If this argument is correct, then that means we cannot hope for future battery technologies to become anywhere near as energy dense as the fossil fuels we use at the moment. The laws of thermodynamics, which are hard physics, seem to be in the way of achieving that goal. And if that is true, then obviously the idea of electricity being the future of transportation is fundamentally misguided. At least if that electric energy will come from batteries.

It very much looks like burning gas on the go is the best source of mobile energy we can hope for. That means, that anyone who needs a lot of mobile energy, like big ships, planes and even lorries will likely continue to use it, maybe forever. If this is true, then the only question remaining is where will the fuels come from? Will it be fossil fuels, or self made fuels?

It is certainly possible to indirectly use electricity as a mobile energy source. The electricity will then produce the fuel that is used for mobile energy. For that to be profitable, however, electricity would need to be significantly cheaper as it is right now, as the majority of the energy is lost in the fuel production. Nevertheless, in that scenario the vehicles would still continue to burn these fuels while they are driving. And it does not look like that this is going to change anytime soon, if ever. So I am sorry, but the electric vehicle revolution is largely an illusion.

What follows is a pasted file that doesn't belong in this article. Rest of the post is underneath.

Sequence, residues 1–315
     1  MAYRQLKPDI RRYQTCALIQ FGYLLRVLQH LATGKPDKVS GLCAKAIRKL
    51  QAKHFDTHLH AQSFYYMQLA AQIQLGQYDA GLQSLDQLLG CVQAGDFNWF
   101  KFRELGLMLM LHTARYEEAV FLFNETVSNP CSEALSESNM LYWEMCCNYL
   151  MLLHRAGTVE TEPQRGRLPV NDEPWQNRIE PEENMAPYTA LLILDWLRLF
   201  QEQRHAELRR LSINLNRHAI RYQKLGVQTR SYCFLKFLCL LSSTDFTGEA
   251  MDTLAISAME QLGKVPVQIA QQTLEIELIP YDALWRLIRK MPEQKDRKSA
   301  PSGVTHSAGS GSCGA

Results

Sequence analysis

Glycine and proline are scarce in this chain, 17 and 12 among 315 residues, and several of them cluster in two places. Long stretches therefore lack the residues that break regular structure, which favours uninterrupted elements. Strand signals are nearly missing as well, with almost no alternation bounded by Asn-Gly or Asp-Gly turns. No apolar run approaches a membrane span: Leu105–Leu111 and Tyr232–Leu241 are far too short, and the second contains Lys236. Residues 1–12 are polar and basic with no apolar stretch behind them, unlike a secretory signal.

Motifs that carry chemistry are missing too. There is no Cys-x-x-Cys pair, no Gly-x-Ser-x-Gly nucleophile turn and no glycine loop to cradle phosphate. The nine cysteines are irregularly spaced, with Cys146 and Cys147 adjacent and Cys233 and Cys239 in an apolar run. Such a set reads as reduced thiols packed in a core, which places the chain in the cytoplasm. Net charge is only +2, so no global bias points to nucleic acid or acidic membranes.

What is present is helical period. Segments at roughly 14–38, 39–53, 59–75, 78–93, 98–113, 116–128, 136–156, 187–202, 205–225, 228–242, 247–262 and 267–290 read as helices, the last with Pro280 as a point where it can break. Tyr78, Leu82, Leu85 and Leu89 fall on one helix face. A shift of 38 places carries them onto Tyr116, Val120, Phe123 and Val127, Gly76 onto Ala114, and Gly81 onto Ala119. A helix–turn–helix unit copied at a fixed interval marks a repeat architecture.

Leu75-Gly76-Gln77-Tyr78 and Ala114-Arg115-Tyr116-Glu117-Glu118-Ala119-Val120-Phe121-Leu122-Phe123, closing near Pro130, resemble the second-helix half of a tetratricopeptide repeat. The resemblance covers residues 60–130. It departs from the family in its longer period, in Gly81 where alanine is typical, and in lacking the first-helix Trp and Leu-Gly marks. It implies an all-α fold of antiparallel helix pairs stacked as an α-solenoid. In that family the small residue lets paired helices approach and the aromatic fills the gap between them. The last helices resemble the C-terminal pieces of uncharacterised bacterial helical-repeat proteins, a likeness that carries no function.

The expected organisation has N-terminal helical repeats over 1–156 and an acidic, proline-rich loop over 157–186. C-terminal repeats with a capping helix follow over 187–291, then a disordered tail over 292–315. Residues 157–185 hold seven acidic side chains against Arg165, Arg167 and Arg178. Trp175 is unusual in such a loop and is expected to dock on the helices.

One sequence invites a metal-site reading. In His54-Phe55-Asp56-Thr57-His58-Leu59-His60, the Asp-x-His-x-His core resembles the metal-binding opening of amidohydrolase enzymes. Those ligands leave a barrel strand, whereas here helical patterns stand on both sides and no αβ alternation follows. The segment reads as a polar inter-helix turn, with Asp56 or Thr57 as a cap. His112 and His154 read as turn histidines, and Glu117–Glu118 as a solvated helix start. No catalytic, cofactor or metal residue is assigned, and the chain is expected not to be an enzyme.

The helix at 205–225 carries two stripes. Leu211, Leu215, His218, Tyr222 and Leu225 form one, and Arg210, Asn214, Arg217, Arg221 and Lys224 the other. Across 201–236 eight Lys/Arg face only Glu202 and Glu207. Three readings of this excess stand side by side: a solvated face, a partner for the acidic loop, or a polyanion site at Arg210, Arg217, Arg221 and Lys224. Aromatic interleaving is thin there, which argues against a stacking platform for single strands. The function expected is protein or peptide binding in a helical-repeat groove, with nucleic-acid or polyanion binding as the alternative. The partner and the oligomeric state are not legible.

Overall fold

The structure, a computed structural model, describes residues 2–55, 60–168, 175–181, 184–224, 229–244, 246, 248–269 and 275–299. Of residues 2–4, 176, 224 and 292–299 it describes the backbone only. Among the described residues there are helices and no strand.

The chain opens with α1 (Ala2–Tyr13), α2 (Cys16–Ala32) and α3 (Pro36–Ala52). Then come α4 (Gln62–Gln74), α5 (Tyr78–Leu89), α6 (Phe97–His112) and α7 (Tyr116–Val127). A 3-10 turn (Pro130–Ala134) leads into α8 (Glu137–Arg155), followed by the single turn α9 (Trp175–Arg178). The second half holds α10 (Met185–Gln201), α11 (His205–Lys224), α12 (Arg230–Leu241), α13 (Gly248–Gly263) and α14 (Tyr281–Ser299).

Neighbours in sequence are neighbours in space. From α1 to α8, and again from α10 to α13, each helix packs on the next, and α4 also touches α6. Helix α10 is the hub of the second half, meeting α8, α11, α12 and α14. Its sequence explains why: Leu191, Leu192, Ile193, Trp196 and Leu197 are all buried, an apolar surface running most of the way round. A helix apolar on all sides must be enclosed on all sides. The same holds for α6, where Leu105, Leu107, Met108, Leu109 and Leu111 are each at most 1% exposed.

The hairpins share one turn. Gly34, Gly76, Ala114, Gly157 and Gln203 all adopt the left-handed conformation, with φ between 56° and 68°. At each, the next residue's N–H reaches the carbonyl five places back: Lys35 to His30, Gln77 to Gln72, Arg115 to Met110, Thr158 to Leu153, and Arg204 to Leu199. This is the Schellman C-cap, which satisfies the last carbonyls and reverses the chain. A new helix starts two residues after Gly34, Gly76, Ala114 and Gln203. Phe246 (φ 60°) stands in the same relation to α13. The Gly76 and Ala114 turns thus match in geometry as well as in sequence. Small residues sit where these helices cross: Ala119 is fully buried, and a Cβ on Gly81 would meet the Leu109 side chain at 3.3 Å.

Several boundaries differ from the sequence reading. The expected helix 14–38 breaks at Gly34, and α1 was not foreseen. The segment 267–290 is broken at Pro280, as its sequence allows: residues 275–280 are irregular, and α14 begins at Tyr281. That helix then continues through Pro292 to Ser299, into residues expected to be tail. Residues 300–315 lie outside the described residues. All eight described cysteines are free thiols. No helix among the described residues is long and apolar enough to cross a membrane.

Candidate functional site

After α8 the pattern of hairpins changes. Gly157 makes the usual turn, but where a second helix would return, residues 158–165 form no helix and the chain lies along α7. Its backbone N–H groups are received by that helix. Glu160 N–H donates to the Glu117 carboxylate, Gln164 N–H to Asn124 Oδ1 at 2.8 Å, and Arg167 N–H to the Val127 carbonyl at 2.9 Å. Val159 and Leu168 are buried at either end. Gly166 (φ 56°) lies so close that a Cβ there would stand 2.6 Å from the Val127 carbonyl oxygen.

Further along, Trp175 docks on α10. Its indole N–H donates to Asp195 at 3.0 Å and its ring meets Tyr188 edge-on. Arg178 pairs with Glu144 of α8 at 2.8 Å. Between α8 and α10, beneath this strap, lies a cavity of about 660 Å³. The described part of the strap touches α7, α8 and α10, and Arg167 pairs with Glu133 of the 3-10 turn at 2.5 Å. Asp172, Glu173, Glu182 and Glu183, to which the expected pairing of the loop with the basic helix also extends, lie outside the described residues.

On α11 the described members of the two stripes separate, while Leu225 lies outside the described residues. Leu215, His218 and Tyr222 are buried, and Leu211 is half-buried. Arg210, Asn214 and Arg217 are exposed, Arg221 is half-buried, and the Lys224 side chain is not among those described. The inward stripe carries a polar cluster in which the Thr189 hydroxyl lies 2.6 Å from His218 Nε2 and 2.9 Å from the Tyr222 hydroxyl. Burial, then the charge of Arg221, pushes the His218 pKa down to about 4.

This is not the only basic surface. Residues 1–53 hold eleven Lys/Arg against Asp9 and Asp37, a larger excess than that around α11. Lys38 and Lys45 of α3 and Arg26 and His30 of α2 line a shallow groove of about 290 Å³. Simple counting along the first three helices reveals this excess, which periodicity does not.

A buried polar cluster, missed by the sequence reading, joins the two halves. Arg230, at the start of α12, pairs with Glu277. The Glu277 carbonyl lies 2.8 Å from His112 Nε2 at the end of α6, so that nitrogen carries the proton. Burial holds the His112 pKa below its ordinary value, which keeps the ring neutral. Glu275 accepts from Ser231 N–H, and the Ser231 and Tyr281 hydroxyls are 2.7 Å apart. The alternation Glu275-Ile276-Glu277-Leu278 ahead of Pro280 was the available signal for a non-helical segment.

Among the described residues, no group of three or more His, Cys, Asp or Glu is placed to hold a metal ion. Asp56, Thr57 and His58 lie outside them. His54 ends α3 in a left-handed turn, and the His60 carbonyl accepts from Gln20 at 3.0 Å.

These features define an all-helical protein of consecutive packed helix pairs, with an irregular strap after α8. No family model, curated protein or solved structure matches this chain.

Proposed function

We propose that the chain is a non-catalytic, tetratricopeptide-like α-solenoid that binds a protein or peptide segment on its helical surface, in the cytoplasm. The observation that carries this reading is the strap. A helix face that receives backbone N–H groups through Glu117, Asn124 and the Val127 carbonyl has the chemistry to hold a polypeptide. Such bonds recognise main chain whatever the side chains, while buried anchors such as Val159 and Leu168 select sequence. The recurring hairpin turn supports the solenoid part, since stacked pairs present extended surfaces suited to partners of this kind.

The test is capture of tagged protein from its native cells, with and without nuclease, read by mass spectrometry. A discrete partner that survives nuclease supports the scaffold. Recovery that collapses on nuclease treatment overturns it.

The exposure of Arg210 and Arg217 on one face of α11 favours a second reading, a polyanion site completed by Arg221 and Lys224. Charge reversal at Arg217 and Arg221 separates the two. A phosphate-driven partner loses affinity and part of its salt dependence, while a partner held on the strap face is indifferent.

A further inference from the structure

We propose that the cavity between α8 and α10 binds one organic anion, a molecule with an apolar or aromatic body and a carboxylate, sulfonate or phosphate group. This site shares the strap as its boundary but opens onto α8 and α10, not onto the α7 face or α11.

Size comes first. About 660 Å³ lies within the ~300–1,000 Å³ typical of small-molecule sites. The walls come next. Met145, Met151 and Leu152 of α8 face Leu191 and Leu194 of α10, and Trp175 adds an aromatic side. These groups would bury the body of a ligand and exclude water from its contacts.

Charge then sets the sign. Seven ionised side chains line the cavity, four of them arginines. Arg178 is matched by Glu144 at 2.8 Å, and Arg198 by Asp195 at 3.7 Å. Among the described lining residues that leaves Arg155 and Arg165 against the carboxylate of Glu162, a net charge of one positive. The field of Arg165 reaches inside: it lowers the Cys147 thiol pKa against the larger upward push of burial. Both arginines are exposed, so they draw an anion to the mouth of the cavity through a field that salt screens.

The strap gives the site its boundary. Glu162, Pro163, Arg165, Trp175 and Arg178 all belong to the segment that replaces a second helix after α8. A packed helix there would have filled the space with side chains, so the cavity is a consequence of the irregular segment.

1. Electricity is more suitable for mass transit than independent vehicles – but the golden age of mass transit was in the United States before the rise of “free” (government built) roads.

    In some ways an American city in the 1920s was more technologically advanced than cities today – with (for example) underground railways bringing cargo directly to buildings (that was also true with the mail trains in London).



  2. For freight, you could partially overcome the problem by moving the load very slowly and travelling for more hours, availing yourself of additional charging stops or even solar. This would be cost effective and safe for driverless freight, but not for perishable goods or passengers.



    1. Sure you can use electricity, if costs don’t matter. We could also sail ships. But the economic costs would be enormous. Time is money, as they say. So it would be very stupid to do that. And it is not going to happen on a market.



  3. This is a well a well argued post but I’m afraid you are wrong and the main driver for change is air pollution.

    China banned two stroke vehicles from their polluted cities and created an electric bike revolution (there are more than 200 million electric bikes in China). The battery technology has improved and is getting better all the time but so is the motor technology. The best bikes are generally powered by induction motors in the rear wheel.

    As always it is wrong of governments to try to intervene in markets in order to change behaviour but the revolution is real and my Company doubles its turnover every year without any state help. If Simon will permit me I will demonstrate this from a blog article I wrote a little while ago.